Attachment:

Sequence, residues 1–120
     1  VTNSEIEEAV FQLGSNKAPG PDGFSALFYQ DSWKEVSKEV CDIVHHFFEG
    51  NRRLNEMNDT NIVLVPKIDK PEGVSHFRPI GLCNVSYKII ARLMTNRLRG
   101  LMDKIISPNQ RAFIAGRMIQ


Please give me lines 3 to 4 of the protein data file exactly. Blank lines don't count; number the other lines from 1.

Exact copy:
    51  NRRLNEMNDT NIVLVPKIDK PEGVSHFRPI GLCNVSYKII ARLMTNRLRG
   101  LMDKIISPNQ RAFIAGRMIQ